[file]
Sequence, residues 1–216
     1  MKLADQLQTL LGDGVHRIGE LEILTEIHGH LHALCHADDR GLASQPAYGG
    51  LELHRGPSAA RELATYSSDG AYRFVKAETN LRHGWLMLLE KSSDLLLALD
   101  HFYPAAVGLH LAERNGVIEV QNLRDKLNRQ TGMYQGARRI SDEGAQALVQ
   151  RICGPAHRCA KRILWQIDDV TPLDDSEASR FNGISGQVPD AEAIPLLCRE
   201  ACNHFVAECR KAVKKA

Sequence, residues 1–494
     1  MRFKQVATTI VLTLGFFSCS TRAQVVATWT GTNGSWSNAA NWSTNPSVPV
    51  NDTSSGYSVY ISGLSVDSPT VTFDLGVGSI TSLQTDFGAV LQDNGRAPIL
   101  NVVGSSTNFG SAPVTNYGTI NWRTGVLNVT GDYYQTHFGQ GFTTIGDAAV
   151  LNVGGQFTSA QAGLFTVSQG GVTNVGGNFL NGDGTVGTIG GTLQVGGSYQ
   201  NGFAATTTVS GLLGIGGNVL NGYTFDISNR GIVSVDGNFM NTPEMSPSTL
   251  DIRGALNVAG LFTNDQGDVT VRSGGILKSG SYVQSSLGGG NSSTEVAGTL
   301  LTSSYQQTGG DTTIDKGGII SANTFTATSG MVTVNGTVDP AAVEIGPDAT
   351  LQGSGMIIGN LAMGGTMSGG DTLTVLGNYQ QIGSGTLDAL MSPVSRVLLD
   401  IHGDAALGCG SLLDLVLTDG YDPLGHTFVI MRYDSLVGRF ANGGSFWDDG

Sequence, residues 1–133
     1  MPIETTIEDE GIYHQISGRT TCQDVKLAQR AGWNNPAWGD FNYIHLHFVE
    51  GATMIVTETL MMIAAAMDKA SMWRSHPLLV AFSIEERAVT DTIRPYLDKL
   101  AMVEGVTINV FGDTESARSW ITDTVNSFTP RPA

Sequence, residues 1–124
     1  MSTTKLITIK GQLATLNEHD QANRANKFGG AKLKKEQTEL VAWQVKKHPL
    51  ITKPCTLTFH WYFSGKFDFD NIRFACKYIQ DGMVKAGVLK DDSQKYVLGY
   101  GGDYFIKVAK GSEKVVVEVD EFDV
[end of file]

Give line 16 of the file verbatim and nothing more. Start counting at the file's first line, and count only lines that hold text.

   401  IHGDAALGCG SLLDLVLTDG YDPLGHTFVI MRYDSLVGRF ANGGSFWDDG